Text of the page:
EpiPens now legal for Ohio public facilities!
Restaurants, swimming pools and other public places now will be able to carry doses of a life-saving allergy drug thanks to a recent change in Ohio law.
Doses of the hormone epinephrine, which can save to those having a severe allergic reaction, should become available in some public facilities across the state.
House Bill 200, sponsored by State Rep. Christina Hagan, permits public establishments, such as restaurants, swimming pools, schools and amusement parks, to carry a non-patient specific prescription to keep epinephrine, which can be administered via an injector known as an EpiPen. The legislation takes effect Sept. 8.
“Our legislation expands points of access for distribution,” said Hagan, a Republican who represents the 50th Ohio House District. “So basically, additional facilities will be able to stock an EpiPen for allergic reactions. This is a life-saving measure. An EpiPen that can be used all.”
Epinephrine is used to treat people undergoing an anaphylactic shock, or allergic reaction.
“Epinephrine is traditionally a prescription drug,” said Cameron McNamee, director of policy and communications for the Ohio Board of Pharmacy. “The law is changed to essentially say, ‘Your college, your swimming pool or whatever can have epinephrine. They can almost keep it as a first-aid kit. It is really up to the establishment. There are some training requirements.”
Hagan, a Marlboro Township resident, is in her fifth year in the Ohio House. She attributes her interest in sponsoring the change to her experiences in the restaurant industry.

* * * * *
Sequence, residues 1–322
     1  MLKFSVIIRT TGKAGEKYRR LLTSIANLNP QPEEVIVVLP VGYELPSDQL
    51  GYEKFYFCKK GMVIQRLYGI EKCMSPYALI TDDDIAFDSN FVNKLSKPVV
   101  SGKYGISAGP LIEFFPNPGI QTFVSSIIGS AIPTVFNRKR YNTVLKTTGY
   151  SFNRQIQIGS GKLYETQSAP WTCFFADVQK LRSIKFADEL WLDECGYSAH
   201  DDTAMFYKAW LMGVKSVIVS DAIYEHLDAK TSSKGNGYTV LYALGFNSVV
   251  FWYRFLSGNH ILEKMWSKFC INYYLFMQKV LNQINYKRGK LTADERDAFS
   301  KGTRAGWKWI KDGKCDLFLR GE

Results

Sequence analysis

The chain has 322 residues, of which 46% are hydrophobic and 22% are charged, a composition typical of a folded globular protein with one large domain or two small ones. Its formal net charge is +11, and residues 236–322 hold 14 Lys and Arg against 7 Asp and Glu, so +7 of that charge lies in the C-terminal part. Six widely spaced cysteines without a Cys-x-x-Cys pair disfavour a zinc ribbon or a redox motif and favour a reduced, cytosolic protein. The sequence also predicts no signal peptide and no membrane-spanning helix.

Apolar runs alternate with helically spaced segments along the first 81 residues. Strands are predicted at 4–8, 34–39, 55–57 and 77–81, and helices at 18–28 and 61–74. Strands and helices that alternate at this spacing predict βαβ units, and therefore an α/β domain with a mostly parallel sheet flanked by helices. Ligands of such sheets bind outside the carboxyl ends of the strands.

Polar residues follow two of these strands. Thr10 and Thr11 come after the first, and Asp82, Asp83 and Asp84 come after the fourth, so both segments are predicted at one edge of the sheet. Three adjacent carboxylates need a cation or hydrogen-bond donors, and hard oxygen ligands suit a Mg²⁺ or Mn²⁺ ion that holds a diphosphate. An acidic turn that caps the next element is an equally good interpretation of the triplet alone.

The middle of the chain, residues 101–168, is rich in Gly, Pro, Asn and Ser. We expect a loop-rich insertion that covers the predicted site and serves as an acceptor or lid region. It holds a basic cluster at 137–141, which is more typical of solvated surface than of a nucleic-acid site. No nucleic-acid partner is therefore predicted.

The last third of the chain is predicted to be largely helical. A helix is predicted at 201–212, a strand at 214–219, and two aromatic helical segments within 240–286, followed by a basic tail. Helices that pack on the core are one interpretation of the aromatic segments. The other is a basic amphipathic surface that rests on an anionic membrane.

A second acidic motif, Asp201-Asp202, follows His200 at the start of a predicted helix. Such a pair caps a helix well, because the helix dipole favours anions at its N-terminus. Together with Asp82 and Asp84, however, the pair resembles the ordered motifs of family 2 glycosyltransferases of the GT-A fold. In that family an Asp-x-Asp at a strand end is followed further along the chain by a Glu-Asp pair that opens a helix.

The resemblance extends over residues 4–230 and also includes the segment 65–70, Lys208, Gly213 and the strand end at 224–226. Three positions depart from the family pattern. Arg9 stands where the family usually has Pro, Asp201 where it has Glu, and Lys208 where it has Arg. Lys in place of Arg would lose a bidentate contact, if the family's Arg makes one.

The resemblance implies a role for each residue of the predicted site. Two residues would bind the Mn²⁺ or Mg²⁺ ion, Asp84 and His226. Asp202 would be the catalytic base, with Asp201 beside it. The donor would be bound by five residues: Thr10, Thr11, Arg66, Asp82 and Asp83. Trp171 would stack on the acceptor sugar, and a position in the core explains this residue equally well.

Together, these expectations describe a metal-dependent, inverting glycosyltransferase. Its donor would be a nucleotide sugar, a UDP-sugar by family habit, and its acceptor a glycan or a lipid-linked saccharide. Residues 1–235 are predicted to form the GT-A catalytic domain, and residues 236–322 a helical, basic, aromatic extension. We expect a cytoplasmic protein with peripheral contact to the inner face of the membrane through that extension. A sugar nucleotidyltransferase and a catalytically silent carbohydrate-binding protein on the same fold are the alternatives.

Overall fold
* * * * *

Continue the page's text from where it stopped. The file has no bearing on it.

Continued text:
“Having worked in restaurants a lot of my life, I have waited on people that have severe allergies and have particular specifications about their food or how their food can be prepared to avoid allergic reactions,” Hagan said. “If it is a significant enough event, an ambulance may not get there on time. Their airways can be too constrained. It doesn’t have to be a food allergen. It can be any kind of allergen. The problem is we don’t know when someone is going to have a reaction. It could happen to anyone at anytime. Emergencies happen. I guess the problem is how prepared are we to allow entities to deal with them.”
McNamee, of the Ohio Board of Pharmacy, recalls certain public entities expressing an interest in stocking epinephrine.
“The schools and camps were having issues,” McNamee said. “Kids in general weren’t necessarily the most reliable with keeping their medication on them. The schools and the camps asked for permission to have it on-site in case of an emergency.”
Hagan’s efforts with House Bill 200 attracted notice from an Alliance restaurateur who heard the legislation discussed while hosting a meeting of local Republicans.
“I would like to be one of the first restaurants in to implement this when the bill passes,” said Frank Minear, operator of Frank’s Family Restaurant. “There are a lot of allergic reactions out there. People can be allergic to nuts or shell fish. To be able to help save a life before the paramedics get here, I would like to be a part of that.”
Article courtesy of The Repository
Posted July 31, 2016